Alice's use of found objects to make marks on cloth or paper creates a direct relationship between the marks and the place these objects come from (usually, but not always, the coast). The palette is restricted - natural cloth, rust, tea, and printing ink, which keeps the focus on the marks. She adds collagraph, other printmaking and hand stitch in response to the organic marks generated by the objects. Sometimes this turns the marks into something that reminds me of a map, or the marks in the sand left by the tide. I particularly love Alice's concertina books and the way their long, thin format somehow captures the sense of a journey or a walk. In this exhibition, there were also some larger format works on paper, which were incredibly subtle and reminded me of the marks the water makes in wet sand on the beach. There is a review of this exhibition (different venue) here.
My final visit was to the exhibition Shadow and Line at the Museum in Stroud. This brought together nine artists working in textiles, turned wood, enamel, porcelain and mixed media. This was a strong exhibition and it was wonderful how work by the different artists worked so well together, echoing themes and aesthetic qualities.
There was more work by Caroline Bartlett - "Backwards, Forwards" - in which she has gone back to her older work, which used pleating and folding, and through scanning and redrawing has used this to create new pieces, like stitched drawings of the originals. The results look like geological or archaeological diagrams. I was absorbed for ages in studying the range of different hand stitched marks.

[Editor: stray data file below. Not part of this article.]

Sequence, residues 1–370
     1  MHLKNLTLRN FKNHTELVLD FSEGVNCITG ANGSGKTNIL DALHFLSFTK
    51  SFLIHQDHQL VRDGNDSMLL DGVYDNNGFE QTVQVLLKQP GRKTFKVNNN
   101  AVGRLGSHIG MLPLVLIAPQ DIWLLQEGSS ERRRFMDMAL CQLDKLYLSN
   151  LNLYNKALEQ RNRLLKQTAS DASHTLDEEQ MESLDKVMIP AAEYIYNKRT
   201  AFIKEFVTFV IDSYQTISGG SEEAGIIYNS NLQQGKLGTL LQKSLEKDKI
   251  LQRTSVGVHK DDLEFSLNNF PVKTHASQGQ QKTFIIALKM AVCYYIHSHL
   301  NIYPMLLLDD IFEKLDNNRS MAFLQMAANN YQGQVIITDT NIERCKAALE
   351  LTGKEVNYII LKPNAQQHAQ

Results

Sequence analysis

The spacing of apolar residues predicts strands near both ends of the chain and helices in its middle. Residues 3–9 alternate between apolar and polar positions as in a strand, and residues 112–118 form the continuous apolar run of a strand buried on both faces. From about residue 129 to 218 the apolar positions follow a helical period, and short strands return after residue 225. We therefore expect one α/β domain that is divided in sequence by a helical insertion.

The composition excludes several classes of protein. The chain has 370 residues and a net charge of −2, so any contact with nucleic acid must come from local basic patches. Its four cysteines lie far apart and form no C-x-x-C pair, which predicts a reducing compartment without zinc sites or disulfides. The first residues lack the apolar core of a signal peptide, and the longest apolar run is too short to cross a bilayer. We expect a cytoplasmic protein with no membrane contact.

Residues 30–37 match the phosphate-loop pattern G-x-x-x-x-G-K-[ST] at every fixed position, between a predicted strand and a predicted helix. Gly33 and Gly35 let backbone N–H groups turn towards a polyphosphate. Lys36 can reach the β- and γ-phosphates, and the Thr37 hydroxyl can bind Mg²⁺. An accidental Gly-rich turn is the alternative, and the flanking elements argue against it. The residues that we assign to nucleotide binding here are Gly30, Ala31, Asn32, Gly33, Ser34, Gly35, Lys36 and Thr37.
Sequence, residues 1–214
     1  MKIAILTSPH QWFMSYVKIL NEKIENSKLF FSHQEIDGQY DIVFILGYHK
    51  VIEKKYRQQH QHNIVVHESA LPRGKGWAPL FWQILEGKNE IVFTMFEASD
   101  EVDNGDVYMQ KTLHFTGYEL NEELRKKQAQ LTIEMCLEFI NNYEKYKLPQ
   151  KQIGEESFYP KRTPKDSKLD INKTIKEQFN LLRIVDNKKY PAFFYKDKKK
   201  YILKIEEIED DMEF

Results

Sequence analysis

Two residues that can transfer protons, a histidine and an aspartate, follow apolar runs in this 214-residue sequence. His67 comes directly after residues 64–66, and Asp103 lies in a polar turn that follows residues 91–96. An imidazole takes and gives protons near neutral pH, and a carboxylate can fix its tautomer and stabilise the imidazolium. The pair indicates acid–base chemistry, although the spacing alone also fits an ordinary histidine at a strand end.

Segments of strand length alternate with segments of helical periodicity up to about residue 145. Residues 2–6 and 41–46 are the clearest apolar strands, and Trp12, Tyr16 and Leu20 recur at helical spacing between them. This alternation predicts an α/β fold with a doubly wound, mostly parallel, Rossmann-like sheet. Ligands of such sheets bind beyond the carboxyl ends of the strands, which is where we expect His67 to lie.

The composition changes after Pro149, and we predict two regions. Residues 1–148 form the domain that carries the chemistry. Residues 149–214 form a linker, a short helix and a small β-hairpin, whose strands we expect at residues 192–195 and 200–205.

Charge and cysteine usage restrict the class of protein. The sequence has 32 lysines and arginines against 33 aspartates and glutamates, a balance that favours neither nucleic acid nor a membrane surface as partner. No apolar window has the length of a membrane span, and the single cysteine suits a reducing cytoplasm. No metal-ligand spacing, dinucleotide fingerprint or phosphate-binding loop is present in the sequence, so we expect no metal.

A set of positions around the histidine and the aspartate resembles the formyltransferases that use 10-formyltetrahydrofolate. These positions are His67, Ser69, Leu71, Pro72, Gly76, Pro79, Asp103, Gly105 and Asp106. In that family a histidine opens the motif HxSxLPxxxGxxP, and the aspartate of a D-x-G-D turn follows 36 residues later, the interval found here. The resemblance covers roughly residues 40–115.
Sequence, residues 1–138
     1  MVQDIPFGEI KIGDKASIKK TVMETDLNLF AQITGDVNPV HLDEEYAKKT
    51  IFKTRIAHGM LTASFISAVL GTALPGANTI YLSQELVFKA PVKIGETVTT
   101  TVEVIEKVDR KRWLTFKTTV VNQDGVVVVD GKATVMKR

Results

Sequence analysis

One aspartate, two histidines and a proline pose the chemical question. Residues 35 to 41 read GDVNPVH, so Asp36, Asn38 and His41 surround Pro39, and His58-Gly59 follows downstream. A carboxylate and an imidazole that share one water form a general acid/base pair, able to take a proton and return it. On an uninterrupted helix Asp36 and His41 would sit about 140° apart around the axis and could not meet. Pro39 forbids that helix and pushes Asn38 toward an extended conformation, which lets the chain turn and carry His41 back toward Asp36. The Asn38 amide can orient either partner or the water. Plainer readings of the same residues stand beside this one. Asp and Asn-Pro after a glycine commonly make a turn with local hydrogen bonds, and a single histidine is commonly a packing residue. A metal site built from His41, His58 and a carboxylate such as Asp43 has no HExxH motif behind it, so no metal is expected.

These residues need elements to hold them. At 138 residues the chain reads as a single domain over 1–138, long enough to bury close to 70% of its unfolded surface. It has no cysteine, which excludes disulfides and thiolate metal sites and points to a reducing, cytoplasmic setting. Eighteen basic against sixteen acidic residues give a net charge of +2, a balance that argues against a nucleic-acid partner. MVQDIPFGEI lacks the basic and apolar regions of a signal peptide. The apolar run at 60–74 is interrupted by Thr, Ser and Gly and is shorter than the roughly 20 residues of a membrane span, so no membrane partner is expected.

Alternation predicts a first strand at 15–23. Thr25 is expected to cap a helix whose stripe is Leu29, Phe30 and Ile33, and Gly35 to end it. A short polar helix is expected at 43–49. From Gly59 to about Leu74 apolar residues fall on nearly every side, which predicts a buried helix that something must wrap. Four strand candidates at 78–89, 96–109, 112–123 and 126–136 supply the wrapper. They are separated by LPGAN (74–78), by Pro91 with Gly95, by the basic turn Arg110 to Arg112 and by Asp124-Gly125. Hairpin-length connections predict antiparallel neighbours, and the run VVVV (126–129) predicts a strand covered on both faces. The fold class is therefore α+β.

Of the remaining artists, three interested me in particular: Hilary Bower, Jilly Morris and Linda Brassington. I was particularly intrigued by the way they all manipulated, marked and altered the surfaces of the materials they used. Hilary Bower used humble materials (sandpaper, masking tape, greaseproof paper ...) into which she rubbed graphite, pastels and paint to create dark, shadowy, cloth-like surfaces. Behind glass, they were a real challenge to photograph.
There were two wonderful pieces by Jilly Morris where she had hand-drilled thousands of holes into inked and waxed paper to change the surface. But I was fascinated by another piece where she had explored the range of marks she could make with a printing roller. Close up, individual marks looked like extracts from a landscape drawing, but twenty strips of these linear marks combined into one piece had a huge impact.
Finally I admired the way Linda Brassington combined resist dye, discharge with powdered pigments and wax to create surfaces with such depth of colour and texture. There was a real sense of light being drawn into and absorbed by these dark surfaces. Some of the pieces are shown on Linda's Axisweb page.
Photos (in order): Caroline Bartlett, Hilary Bower, Jilly Morris, Linda Brassington.
I drove home again in dreadful weather and took most of Sunday off to recoup energy. I've seen so much and am still absorbing impressions and ideas, although thoughts about different surfaces, textures and mark-making (as ever) are uppermost.
For information about this and future events, see the SIT web site. You can also view this year's brochure online.